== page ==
MONTEREY, Calif. Mercedes-Benz dealerships ranked highest in the 2010 Pied Piper Prospect Satisfaction Index (PSI) U.S. Auto Industry Study, which used “mystery shoppers” to measure and compare how consumers are treated when shopping.

Detroit brands led the way in 2010 for most improvement, with Ford, Lincoln and Chevrolet scoring above the industry average for the first time since PSI auto industry benchmarking began four years ago.

The independent study sent 3,658 hired anonymous “mystery shoppers” into auto dealerships nationwide, then used the patent-pending PSI process to compile the results into an accurate measurement of how each brand’s dealerships treat car shoppers.

Overall auto industry performance improved notably from 2009 to 2010, with 25 of the 34 major auto brands achieving higher PSI scores. Although luxury brands continue to lead the industry for treatment of car shoppers, the improvement of mainstream brands has been striking. For example, when comparing the 2010 Ford shopping experience with that of 2007, the study found that the typical Ford salesperson was 52 percent more likely to discuss vehicle features unique from the competition, 29 percent more likely to introduce him or herself and 65 percent more likely to proactively mention the availability of different financing options.

Despite the widespread and continual improvement in how cars are sold, there is still plenty of room for improvement, although not necessarily in the expected areas. For example, the stereotypical car shopping experience of having an overbearing salesperson happened far less often (6 percent of the time) than the opposite: a salesperson who simply was not helpful enough and did not devote enough time and attention to the car shopper (18 percent of the time).

Another area of potential disappointment for car shoppers has been the decision by some brands and dealerships to limit or discontinue offering brochures. Industry wide, salespeople proactively offered a brochure following a visit only 57 percent of the time; the lowest level in the last three years.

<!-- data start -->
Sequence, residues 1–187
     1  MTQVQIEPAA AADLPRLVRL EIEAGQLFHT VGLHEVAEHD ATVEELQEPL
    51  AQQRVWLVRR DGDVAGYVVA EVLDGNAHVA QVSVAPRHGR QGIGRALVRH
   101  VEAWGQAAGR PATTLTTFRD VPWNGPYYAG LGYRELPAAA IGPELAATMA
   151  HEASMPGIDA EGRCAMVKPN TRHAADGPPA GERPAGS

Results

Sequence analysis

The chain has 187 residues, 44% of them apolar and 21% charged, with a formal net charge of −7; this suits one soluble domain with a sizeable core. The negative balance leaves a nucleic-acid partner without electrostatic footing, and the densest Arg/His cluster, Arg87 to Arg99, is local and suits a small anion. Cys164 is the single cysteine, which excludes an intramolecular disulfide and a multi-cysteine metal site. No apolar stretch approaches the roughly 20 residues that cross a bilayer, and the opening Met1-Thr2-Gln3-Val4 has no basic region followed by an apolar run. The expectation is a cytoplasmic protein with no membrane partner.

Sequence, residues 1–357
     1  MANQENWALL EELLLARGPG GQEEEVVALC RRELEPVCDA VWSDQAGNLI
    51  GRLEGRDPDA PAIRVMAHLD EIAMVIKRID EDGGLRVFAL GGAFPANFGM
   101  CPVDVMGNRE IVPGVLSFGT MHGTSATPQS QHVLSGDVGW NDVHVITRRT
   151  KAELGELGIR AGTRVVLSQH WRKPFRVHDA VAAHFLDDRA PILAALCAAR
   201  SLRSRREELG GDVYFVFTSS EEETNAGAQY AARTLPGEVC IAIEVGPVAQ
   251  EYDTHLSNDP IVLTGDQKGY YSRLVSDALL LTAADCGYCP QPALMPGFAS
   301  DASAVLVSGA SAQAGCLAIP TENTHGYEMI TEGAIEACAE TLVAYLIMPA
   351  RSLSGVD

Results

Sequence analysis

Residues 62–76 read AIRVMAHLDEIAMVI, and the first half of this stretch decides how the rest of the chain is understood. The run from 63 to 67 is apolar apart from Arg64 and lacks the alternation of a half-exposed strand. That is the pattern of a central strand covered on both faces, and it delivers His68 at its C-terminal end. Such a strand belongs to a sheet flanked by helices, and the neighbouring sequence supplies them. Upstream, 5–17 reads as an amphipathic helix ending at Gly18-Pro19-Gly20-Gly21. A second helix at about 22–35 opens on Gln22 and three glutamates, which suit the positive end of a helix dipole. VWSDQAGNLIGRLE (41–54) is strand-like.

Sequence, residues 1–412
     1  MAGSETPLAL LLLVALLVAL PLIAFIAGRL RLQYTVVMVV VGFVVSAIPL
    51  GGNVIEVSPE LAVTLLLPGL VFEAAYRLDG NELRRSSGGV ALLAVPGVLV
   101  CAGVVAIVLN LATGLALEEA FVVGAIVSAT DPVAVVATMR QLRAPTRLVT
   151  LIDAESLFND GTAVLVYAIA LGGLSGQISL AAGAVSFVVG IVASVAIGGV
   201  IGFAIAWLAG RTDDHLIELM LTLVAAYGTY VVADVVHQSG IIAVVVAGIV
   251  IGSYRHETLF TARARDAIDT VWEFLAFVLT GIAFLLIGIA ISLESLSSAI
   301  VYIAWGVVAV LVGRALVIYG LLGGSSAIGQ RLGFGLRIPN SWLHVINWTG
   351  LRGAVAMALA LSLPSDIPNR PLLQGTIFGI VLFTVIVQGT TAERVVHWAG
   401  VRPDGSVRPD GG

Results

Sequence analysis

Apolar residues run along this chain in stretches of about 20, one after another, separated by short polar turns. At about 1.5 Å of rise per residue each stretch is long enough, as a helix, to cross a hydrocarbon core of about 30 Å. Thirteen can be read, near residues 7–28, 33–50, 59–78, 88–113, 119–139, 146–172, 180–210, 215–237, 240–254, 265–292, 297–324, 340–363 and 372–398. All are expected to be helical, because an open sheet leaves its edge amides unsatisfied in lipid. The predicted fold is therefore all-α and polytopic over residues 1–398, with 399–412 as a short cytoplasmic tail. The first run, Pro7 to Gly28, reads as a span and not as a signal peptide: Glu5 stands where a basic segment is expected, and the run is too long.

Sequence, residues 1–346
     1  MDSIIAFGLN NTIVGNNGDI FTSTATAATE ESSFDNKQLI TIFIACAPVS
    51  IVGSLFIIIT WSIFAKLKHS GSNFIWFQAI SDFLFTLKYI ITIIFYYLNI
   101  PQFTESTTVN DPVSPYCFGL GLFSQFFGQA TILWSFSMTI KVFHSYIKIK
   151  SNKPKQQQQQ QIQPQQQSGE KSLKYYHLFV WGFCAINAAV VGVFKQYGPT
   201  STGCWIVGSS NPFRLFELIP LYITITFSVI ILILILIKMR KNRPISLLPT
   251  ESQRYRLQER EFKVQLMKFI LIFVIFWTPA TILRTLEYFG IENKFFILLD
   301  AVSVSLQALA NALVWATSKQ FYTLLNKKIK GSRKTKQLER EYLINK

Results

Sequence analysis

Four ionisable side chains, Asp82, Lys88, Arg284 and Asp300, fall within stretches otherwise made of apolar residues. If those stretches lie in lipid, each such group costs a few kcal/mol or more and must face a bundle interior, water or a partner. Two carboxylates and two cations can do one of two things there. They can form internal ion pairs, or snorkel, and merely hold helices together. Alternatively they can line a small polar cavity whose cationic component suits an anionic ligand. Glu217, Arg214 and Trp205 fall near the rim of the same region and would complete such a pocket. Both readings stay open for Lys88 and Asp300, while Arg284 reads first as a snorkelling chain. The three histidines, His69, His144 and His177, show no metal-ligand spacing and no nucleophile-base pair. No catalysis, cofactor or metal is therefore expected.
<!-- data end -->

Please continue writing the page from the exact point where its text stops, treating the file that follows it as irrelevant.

Substantial variation in shopper treatment by brand continues. For example, both Volvo and BMW salespeople mentioned their brand’s maintenance program and associated costs 80 percent of the time or more, while shoppers looking for a Scion, Mitsubishi or Dodge heard about it less than one-third of the time.

Lexus and Porsche salespeople reviewed the vehicle’s features and controls 95 percent of the time before leaving on a test drive, but BMW salespeople reviewed it only 74 percent of the time.

At Land Rover, Smart or Mini dealerships, salespeople nearly always handled the entire visit themselves and rarely introduced shoppers to dealership management. In contrast, at Suzuki, Volkswagen, Nissan, Toyota and Infiniti dealerships the salespeople introduced shoppers to dealership management to help close the sale 40 percent of the time or more.

Salespeople who work for dealerships selling Nissan, Mazda, Infiniti, Mercedes-Benz, Toyota or Volkswagen were most likely to follow-up with shoppers within 48 hours after the initial visit, while salespeople who work for dealerships selling Buick, Mitsubishi, Chevrolet and Acura were least likely to follow-up with shoppers after the initial visit.

“Today’s car shoppers are armed with far more vehicle and pricing information than ever before,” said Fran O’Hagan, CEO of Pied Piper Management Co. LLC. “Successful brands and dealerships have responded by acting as helpful enablers for today’s shoppers. At the most successful dealerships, the stereotype of the old-fashioned car salesperson no longer exists.”

The 2010 Pied Piper PSI U.S. Auto Industry Study was conducted between July 2009 and June 2010 using 3,658 hired anonymous “mystery shoppers” at dealerships located throughout the U.S.